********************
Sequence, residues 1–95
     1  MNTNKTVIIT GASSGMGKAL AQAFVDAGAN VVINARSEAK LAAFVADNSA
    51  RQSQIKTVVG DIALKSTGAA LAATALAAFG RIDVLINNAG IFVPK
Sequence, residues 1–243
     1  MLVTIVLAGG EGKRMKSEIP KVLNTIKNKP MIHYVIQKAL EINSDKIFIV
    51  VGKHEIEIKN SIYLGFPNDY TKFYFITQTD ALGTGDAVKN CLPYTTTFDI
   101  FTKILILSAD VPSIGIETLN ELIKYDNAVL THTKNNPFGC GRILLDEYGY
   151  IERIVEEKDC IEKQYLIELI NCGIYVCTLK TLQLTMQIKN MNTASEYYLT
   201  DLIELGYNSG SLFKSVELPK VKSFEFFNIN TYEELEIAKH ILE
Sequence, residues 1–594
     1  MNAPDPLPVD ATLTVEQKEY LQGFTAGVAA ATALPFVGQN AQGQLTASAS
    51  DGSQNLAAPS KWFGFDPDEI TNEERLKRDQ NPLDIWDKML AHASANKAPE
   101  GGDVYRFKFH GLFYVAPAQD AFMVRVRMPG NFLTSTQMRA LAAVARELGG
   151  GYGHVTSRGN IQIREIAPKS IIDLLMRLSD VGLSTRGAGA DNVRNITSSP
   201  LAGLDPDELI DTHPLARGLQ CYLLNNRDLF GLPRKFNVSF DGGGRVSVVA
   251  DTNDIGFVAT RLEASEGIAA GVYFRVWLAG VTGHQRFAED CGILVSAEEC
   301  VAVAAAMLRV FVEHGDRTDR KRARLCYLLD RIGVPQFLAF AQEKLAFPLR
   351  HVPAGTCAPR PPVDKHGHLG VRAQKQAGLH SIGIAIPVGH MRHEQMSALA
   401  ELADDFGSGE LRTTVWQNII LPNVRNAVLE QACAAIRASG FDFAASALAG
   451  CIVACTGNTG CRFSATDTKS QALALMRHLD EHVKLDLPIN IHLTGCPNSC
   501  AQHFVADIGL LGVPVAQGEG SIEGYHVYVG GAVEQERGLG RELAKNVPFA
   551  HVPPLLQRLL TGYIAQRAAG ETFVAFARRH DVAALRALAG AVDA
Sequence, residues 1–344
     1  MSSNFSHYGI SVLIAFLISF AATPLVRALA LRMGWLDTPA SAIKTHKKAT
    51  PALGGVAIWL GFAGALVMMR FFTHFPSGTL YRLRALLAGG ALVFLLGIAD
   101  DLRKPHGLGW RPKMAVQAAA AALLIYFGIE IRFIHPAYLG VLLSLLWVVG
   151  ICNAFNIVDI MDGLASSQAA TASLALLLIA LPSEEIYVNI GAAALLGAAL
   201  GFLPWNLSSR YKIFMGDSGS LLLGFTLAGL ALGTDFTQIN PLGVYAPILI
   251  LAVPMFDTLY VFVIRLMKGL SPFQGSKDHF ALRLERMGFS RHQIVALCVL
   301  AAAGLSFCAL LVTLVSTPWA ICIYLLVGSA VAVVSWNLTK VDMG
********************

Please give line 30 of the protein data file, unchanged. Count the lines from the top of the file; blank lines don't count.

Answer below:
   301  AAAGLSFCAL LVTLVSTPWA ICIYLLVGSA VAVVSWNLTK VDMG